Monday, 17 February 2020

2020 - the dawn of a new decade at Uni..

Image result for aut
Source: www.aut.ac.nz
It's hard to believe how fast the years have passed with our eldest attending her first classes as a first-year law student at AUT University where she received her scholarship (although I'm hoping she'll jump ship and go to my alumni Uni of Auckland University but we'll see).

So on her first day of the orientation week, I decided to drop her off and to have a look around. It's amazing how the two Universities sit side-by-side i.e. AUT University on one side of Wellesley Street and University of Auckland (name changed) on the other.

I was reminded of the times I would race up the hill (those many years ago) and visit the other campus for cheaper stationery supplies etc. back when I used to be called AIT or Auckland Institute of Technology but that's all changed since it's become a University.

Our eldest is also attending an evening function tonight for all of the AUT scholarship recipients and would have been checking out an AT Auckland Transport hop card as well as the bus stops, bus timetable, and her own class timetable.

It seems like it wasn't that long ago since I first started and then graduated from U of A (University of Auckland) and later also graduating from AUT and looking back it had a lot to do with the support of my parents and the environment that they brought me up in PIC Mangere church (Presbyterian) where anything was possible with hard work and integrity.

I am so thankful for those lessons and hope to pass those on not only to my children but also with those I come into contact either through adult students I come into contact with, or as a board member at an Early childhood centre or through conversations where dreams can come true not only for our generation but also for the next...


Saturday, 15 February 2020

A special Valentines day celebration...

A special Valentines card from our youngest
Today was a very special Valentines day with my beloved as we marked 20 years of Valentines days since we first dated on Valentines day 14th February in 2000 in which I thought he would either ruin all my Valentines days or else he was the one.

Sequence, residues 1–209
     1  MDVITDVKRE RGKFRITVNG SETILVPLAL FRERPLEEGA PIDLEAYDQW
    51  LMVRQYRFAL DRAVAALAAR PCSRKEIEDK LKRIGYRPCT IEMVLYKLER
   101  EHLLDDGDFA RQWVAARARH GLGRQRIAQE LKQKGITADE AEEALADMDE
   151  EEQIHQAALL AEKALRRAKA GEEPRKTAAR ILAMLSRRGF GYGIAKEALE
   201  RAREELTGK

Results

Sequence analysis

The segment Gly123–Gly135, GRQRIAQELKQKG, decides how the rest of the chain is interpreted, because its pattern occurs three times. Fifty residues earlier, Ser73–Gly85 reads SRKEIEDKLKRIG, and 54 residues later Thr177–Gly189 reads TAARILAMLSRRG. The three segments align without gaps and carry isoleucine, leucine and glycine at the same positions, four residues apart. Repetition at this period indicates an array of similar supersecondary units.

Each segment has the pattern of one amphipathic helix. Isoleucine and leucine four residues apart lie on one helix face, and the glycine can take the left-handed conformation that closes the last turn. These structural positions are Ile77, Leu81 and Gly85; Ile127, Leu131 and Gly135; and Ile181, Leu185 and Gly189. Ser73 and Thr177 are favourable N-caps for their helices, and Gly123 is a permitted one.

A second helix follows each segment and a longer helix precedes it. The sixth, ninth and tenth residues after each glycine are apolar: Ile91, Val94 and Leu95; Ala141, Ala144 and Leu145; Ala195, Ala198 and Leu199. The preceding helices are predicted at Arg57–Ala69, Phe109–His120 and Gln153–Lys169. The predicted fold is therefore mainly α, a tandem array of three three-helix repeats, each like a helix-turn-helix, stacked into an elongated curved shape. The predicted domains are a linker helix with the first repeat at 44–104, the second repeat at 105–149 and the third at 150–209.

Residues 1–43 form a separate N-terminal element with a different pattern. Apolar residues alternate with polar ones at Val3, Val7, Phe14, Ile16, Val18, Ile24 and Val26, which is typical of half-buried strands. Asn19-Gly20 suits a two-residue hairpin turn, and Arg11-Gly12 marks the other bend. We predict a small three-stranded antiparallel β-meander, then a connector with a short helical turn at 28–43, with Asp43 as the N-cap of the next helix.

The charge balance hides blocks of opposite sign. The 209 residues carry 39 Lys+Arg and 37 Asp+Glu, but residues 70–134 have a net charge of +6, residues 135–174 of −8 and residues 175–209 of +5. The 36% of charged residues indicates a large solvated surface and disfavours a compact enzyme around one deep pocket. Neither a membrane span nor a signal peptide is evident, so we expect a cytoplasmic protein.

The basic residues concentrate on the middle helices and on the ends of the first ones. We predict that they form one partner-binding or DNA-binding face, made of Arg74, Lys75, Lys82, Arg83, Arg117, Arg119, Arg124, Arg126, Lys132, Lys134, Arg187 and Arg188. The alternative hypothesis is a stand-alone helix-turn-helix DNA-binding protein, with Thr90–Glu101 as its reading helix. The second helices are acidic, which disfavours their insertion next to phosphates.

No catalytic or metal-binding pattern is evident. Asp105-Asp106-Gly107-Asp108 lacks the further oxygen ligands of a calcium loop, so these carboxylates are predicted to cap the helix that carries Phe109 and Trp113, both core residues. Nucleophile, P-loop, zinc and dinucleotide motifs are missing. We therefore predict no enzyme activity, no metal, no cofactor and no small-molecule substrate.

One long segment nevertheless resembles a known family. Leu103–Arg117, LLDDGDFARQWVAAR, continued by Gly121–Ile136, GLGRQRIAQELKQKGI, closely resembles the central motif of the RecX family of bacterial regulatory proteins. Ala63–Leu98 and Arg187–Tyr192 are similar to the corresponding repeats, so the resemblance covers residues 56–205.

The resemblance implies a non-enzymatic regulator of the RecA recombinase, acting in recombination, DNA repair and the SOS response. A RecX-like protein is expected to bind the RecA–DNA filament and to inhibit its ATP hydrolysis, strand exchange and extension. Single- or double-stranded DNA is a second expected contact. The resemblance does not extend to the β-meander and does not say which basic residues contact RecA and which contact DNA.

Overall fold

20 years and 3 children later we're still together and growing stronger having learned so much along the way with our faith in God and love with each other and from our families. I can only say that we've been blessed in having worked together through the tough times and especially in many celebrations.

As with many couples, it's not so much in the good times that we grow but it's especially when things aren't going so well that we've learnt not so much to rely on each other but to trust in a God who helps us to work through things.

Today it was neat to spend time together in sharing a special family dinner and then we went out for dessert and enjoyed time together with a family movie afterwards. A big thanks to our amazing Father who brought us together in the first place but that's another story...

Sunday, 9 February 2020

The Movie 'Jumanji 2'...

Last week, we had a family outing to the movies to watch 'Jumani (2) The next level' starring one of our fave actors Dwayne Johnson accompanied by Jack Black,  Danny Devito, and Dennis Glover. We particularly wanted to watch the sequel as we'd all enjoyed the first movie.

Spoiler alert! We didn't enjoy it as much as the first and we were a little disappointed in the storyline that wasn't as credible as the first. However, if you are wanting to watch an action movie with some heart-racing scenes then the scene with the group running away from the baboons is one to watch.

There might even be another sequel as the last scene of the movie brings the 'fantasy world' into their reality and then one wonders how that came to be but that's the wonder of making movies whereby anything can happen but it doesn't always make for a credible movie...

Saturday, 8 February 2020

Teaching Cultural competency in course...



Infograph on teaching course
This week, I've been busy working on an Infogram for explaining the course that I teach at Te Wananga o Aotearoa. It's a level 4 foundation year-long programme called 'Te Kunenga o te Ao Tikanga' course that embodies rangahau - Indigenous research and incorporating skills in Cultural competence.

I discovered this when I began researching around the course and found out that Careerforce, a government-appointed body that supports work-based training across all sectors, endorsed our level 3 Certificate in Tikanga Maori as a qualification equivalent and accepted for cultural competence (an 18-week course).

Our 36-week fees-free course builds on this and supports cultural competency through teaching:

  • 8-weekend noho Marae cultural experiences (4 on-campus and 4 at various Auckland marae)
  • Tuesday tutorials of 3 hours that include discussions, practical exercises/scenarios and keeping up to date with current issues
  • 39 weeks of 4 assessments through 9-week modules of discussing important topics i.e. mana tangata (people), mana whenua (environment), mana reo (indigenous language/s) and mana ao turoa (development)
  • Indigenous research field trips

This course is especially important for non-Indigenous teaching professionals, health workers and community workers etc. who work or support Maori, Pasifika or other indigenous peoples in their workplaces.

This has been an important concern that I've observed over the years as a teaching professional and in working within our communities with predominantly Pasifika, Maori and other indigenous peoples where situations can go very wrong if cross-cultural communications aren't observed.